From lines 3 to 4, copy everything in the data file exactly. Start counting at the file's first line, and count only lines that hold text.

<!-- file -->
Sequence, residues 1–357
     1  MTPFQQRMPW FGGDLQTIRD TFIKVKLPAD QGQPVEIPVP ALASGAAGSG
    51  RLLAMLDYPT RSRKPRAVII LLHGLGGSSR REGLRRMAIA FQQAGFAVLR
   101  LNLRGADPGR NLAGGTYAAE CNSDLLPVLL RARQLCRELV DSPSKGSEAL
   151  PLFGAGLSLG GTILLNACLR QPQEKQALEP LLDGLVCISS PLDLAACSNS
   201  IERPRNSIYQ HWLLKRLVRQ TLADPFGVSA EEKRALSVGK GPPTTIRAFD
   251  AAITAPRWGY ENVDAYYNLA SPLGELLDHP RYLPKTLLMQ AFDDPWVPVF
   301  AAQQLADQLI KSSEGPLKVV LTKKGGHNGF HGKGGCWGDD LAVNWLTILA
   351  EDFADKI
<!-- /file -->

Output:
    51  RLLAMLDYPT RSRKPRAVII LLHGLGGSSR REGLRRMAIA FQQAGFAVLR
   101  LNLRGADPGR NLAGGTYAAE CNSDLLPVLL RARQLCRELV DSPSKGSEAL